The Wick - Marisa Bellani 
Photo by Retts Wood The Wick - Marisa Bellani 
Photo by Retts Wood
Monday Muse

Interview: curator, talent hunter and art strategist Marisa Bellani

Interview
Marisa Bellani
22 January 2024
Interview
Marisa Bellani
22 January 2024
Belgium-born curator and art strategist Marisa Bellani has spent a decade unearthing talent and catalysing artists’ careers through her gallery Roman Road in west London.

To mark its tenth year in 2023, however, she shifted the focus away from the conventional gallery model, closing the Golborne Road space to place the emphasis on creating a support system for artists and a flexible programme of curation, underpinned by research.

In response to the changing tides in the art world, Roman Road now hones in on two main aspects: studios and curation. Next month, the first curatorial project will come to fruition at Christie’s auction house: We Are The Future: Knocking On Heaven’s Door.

The exhibition – running from 1-14 February – will offer different artistic visions as to how we can live our lives today, when we think about how the future will unfold. Exploring the “tension between hope and numbness,” as Bellani puts it, it will feature work by Antony Cairns, Channatip Chanvipava, Daisuke Yokota, Daisy Dodd-Noble and Julie Maurin, among others.

She tells The Wick more about the show, how the art world is shifting, and why we should all have courage in our convictions.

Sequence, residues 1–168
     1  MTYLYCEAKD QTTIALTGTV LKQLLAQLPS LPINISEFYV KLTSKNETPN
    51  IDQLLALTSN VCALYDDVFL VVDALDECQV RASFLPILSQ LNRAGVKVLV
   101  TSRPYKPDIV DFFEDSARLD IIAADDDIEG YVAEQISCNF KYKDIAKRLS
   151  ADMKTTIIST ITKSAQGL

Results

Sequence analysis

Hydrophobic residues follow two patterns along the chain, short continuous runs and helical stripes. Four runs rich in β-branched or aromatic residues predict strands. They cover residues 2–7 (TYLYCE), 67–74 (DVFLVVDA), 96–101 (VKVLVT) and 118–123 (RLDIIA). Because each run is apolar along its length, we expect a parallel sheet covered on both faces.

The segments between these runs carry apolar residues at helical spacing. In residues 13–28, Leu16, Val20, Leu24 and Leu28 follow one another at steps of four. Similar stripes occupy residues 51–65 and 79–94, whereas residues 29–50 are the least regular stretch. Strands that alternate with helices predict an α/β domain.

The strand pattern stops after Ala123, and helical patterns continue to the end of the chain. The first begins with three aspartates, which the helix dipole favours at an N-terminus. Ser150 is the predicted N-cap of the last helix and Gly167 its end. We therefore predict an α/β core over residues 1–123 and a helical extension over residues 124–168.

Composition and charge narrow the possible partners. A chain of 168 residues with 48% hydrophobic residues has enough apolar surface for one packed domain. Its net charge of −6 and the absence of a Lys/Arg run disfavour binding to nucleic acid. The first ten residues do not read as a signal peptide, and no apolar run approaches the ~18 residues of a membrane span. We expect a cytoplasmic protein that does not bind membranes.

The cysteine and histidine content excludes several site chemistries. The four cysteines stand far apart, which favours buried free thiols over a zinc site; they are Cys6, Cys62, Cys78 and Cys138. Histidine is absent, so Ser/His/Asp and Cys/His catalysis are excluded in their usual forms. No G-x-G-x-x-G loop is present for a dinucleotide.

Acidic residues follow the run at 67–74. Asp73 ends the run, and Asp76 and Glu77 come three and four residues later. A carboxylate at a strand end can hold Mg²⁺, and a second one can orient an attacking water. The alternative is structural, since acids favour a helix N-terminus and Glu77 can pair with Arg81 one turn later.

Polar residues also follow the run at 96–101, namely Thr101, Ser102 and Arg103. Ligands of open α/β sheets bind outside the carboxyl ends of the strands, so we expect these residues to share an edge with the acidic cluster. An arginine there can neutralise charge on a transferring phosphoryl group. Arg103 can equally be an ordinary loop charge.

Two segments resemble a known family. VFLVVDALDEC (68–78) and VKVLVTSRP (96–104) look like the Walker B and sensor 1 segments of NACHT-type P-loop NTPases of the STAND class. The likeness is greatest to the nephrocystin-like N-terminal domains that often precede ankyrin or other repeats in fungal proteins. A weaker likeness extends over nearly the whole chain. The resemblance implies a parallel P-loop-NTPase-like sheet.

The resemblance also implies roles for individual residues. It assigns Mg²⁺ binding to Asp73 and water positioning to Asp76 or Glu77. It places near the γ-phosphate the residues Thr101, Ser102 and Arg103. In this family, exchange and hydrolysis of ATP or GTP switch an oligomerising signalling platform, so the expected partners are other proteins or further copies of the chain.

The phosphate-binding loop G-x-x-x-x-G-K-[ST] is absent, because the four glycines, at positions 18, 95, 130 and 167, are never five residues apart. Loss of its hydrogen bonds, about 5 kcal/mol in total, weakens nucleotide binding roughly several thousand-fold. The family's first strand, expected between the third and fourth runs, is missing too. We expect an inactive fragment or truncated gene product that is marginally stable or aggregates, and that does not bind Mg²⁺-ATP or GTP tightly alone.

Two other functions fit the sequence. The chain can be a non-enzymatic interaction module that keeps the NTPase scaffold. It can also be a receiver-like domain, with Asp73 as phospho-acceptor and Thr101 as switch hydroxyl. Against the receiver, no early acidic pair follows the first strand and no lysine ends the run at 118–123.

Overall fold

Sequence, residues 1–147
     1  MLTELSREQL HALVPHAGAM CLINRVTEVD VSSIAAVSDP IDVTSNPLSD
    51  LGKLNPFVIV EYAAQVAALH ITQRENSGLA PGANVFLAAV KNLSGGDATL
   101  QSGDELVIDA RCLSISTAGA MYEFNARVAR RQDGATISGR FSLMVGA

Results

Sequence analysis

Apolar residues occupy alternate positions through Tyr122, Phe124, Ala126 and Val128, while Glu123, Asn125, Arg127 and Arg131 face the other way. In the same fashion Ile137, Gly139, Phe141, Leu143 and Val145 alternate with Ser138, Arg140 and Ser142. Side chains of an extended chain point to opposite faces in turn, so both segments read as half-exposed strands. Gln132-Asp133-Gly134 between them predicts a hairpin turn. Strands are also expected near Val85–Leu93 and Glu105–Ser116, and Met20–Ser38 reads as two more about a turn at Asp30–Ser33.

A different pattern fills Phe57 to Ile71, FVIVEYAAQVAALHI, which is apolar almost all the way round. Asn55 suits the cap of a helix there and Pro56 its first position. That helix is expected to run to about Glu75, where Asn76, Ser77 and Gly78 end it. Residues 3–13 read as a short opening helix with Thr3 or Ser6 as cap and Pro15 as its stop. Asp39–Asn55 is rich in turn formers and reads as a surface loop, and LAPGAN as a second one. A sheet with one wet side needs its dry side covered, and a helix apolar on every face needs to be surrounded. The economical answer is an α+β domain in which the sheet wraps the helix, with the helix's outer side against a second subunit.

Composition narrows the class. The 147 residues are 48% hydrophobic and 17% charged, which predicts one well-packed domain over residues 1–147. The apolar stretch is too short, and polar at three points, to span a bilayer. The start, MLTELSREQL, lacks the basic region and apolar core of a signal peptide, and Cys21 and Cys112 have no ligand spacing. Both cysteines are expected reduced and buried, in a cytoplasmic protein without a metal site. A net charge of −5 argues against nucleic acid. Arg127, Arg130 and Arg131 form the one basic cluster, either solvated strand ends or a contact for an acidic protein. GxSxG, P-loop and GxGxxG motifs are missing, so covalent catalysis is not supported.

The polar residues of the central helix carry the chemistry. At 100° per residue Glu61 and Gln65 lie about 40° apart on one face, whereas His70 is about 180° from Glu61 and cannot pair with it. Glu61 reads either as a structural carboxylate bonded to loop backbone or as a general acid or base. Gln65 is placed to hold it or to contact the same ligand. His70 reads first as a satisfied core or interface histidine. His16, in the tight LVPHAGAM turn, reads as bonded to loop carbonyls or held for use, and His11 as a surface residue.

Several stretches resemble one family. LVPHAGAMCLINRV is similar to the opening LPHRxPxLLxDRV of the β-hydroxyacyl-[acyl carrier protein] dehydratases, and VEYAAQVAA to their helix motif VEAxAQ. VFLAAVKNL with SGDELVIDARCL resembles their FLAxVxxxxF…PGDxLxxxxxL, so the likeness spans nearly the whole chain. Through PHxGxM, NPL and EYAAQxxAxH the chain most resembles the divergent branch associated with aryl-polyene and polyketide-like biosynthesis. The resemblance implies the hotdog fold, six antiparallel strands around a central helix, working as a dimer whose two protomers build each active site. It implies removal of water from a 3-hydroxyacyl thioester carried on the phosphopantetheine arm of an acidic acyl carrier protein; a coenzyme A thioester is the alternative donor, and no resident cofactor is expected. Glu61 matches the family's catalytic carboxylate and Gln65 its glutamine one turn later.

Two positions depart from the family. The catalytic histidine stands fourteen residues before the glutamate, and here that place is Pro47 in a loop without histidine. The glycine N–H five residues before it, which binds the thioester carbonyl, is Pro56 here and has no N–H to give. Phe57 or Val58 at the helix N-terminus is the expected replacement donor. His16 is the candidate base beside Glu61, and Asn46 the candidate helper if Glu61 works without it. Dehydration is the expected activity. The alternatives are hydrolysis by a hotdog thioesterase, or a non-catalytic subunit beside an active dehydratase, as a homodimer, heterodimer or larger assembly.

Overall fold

THE WICK:   When you are looking for new talent to support through your curatorial programmes, how does your hunt begin?

Marisa Bellani:   My research starts with society concerns, politics, novelty and trends. Once I have a direction, I start to research which artists have something important to say on a given topic. Then the proper talent hunt begins. I contact artists and visit them in their studios, talk to them and they often recommend fellow artists.

TW:   When you founded Roman Road gallery back in 2013, what were your driving principles?

MB:   In 2013, I named the gallery Roman Road, as opposed to Roman Road Gallery, as I didn’t know then what it would become. I always wanted it to be a space that existed beyond its walls, not only dedicated to the promotion of young artists and the sale of their works but to also offer a community, to help them build confidence and direction, and realise their visions with no ties, such as representation. That has always been challenging, however, it feels as though the art world is finally ready for it and alternatives to the traditional gallery are emerging and settling.

“I always wanted it to be a space that existed beyond its walls, not only dedicated to the promotion of young artists and the sale of their works but to also offer a community, to help them build confidence and direction…”

TW:   What was your inspiration for We Are The Future: Knocking On Heaven’s Door at Christie’s?

MB:   The partnership with Christie’s marks the beginning of Roman Road’s new fluid approach as a curatorial and studio platform. It allows us to come back to our original mission to serve artists in the development of their careers.

Knocking On Heaven’s Door is the first in a series of exhibitions falling under the umbrella curatorial heading of “We Are The Future”. It evokes my desire to look forward conceptually and to bring community concerns to the forefront with a unique selection of artists born after 1980.